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Title: Death Flight (1935) Author: Robert Wallace * A Project Gutenberg of Australia eBook * eBook No.: 0603931h.html Language: English Date first posted: July 2006 Date most recently updated: November 2017 This eBook was produced by: Richard Scott Project Gutenberg of Australia eBooks are created from printed editions which are in the public domain in Australia, unless a copyright notice is included. We do NOT keep any eBooks in compliance with a particular paper edition. Copyright laws are changing all over the world. Be sure to check the copyright laws for your country before downloading or redistributing this file. This eBook is made available at no cost and with almost no restrictions whatsoever. You may copy it, give it away or re-use it under the terms of the Project Gutenberg of Australia License which may be viewed online at http://gutenberg.net.au/licence.html
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The glaring white floodlights mounted on top of the great hangar building lit up the airport like day. They illuminated brilliantly the long main runways of the landing field, the low rope barriers that had been stretched on posts around the field, and the solid sea of humanity surging against those ropes. Scores of policemen struggled to keep the excited crowd from bursting through the ropes.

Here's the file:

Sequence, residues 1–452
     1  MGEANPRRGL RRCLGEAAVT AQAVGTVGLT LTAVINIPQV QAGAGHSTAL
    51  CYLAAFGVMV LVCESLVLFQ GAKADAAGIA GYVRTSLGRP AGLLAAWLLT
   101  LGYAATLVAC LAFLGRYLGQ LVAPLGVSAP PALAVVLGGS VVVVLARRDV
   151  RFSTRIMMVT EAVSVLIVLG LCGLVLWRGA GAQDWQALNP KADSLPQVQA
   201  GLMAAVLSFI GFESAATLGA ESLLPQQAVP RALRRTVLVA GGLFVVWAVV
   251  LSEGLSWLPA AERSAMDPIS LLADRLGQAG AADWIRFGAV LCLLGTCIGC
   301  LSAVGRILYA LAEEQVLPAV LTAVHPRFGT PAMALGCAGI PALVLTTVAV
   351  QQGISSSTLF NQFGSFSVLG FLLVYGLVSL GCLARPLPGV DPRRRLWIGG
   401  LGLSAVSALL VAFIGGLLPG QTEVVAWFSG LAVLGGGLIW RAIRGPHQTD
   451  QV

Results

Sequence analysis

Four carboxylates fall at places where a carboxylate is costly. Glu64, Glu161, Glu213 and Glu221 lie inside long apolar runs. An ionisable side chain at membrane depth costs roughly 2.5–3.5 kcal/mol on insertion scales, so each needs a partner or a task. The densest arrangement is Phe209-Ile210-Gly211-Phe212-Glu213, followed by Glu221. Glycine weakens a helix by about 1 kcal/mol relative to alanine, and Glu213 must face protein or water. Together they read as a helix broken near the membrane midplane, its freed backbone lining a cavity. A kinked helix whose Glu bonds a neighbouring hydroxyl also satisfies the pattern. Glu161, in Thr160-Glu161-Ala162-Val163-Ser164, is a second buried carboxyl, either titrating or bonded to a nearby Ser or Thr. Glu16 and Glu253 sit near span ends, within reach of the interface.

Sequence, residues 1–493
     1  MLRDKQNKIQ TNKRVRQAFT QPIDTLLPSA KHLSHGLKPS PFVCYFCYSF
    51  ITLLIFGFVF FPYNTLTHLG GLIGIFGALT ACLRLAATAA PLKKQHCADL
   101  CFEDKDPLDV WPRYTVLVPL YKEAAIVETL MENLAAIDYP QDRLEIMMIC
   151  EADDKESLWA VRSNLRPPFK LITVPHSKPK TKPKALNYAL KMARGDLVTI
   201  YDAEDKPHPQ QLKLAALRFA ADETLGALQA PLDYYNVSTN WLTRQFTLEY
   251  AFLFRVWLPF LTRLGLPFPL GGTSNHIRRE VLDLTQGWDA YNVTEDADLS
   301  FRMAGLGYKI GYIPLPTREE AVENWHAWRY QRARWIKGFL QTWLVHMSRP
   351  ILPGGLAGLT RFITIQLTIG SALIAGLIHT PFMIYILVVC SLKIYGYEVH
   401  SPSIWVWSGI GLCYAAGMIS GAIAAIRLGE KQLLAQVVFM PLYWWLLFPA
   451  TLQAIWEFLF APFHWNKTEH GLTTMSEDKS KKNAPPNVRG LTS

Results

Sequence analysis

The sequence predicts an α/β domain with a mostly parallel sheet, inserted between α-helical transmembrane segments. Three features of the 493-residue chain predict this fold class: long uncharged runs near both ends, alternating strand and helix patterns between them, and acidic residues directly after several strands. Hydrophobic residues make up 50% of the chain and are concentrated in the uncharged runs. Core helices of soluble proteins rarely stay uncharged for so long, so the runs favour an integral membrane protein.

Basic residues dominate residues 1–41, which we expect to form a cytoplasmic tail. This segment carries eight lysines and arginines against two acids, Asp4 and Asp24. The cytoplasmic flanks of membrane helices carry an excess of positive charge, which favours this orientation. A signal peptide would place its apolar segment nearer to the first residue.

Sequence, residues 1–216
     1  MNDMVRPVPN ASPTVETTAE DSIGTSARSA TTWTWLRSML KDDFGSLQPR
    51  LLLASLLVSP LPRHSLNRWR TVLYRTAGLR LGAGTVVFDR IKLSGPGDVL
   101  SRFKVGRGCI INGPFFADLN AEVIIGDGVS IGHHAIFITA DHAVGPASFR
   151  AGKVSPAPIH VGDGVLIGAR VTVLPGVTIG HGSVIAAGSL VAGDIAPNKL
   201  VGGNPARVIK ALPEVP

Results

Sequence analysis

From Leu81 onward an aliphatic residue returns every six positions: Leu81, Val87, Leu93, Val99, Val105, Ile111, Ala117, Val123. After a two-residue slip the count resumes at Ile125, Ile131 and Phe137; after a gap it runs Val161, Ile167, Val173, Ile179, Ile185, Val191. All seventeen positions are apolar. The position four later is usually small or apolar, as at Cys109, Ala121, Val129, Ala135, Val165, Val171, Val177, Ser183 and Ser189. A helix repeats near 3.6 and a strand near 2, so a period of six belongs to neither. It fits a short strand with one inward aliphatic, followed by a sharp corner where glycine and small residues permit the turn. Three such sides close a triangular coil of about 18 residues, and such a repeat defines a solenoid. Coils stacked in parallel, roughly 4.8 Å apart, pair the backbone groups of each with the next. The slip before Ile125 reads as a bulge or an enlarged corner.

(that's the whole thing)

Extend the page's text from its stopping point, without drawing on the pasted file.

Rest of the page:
From a myriad throats came a deafening buzz and hum of voices, and in them one name was repeated over and over.
A policeman turned toward a cool-eyed, craggy-faced man of wiry build who was passing along the line inside the ropes.
"Captain McCord, we'll never hold this crowd back when Lucky James' plane gets in!" the policeman panted.
Detective-Captain Thomas McCord told the officer crisply:
"You'll have to hold them somehow. If this mob is on the field when James' plane lands, some of them will be hurt." McCord went rapidly down the field, his wiry form striding toward the floodlighted hangar building. A group of about twenty-five or thirty men were gathered in front of the hangar, including airport officials, pilots, and newspaper men who had been allowed inside the ropes.
One of the group saw McCord and gripped the detective-captain's arm. He was a blond, good-looking young man whom McCord recognized as Blair James, pilot of a passenger airliner and cousin of Lucky James, the flier they were all awaiting.
Blair James cried to McCord:
"Lucky's plane was sighted over Bayshore ten minutes ago! He'll be here any moment! I guess this proves Lucky is the best flier of them all. A non-stop solo flight from Cairo to New York—and a fifty-thousand-dollar cash prize!"